Still, overall, I enjoyed this episode a lot. Solid A, especially since it set up for the return in January quite nicely. The big bads got their cue to be bigger and badder, Mary’s dad got his first fully lighted on-screen appearance (hi, Tom Welling, who’s been busy making Professionals!), and we got the kiss! Yes, the kiss is one of my favorite parts here simply because it lands so well and I wasn’t expecting it to. I didn’t always feel like the John and Mary chemistry was there, though they were definitely pushing it, but man, Drake drives it home when he looks at Meg and John gives into his desires – granted, he also thinks they’re about to die so it feels right for John to take a swing in that moment.

Looking forward to the new year, though it will be a while – they’re not coming back until the 24th!

See Gwen Stacy Break Bad in The Best of Ways with these Shadow Clones Variants



When Into The Spider-Verse first debuted, many fans got a glimpse of the new fan favorites Miles Morales and Gwen Stacey for the first time. Now a popular run of the Gwen Stacy character, it didn’t take long for many new comics fans to flock over to check out her new comic runs, leading to a surge in popularity for the IP.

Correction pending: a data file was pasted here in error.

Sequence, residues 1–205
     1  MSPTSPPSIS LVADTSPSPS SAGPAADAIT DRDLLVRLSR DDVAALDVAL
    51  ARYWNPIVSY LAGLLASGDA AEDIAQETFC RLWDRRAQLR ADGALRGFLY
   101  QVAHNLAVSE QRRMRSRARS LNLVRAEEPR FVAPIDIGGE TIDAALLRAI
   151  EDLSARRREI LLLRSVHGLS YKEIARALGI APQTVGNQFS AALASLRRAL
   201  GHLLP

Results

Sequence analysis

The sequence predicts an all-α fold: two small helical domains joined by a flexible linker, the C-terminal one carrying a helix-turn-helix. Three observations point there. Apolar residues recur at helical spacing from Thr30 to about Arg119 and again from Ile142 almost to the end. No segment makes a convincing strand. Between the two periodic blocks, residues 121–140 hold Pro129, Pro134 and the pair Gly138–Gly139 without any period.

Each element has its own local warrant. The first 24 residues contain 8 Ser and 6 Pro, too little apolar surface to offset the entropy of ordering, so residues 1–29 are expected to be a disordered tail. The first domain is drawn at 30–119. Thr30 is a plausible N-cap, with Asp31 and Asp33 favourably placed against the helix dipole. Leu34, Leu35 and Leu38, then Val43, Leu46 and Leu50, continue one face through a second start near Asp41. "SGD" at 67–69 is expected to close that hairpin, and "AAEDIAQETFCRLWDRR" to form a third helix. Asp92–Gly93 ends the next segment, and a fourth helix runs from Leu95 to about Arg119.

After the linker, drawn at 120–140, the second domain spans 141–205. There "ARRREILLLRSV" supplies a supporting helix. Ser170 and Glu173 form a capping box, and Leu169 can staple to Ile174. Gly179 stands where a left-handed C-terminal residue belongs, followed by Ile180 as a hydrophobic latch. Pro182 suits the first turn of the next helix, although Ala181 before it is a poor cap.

This popular iteration of Gwen Stacy, the one of Earth-65, AKA Spider-Gwen, AKA Ghost-Spider, has just been featured in an epic team-up across the multiverse with herself featured in Tim Seeley’s run on Spider-Gwen: Gwenverse. Still apparently leaving fans pining for all things Gwen Stacy, it’s been announced that the series will continue with Gwen’s return from the multiverse. All for a tale of where she’ll have to confront her other counterparts, who are less multi-dimensional, but a lot more genetically cloned versions of herself (typical, Spider-Man clones) in Spider-Gwen: Shadow Clones!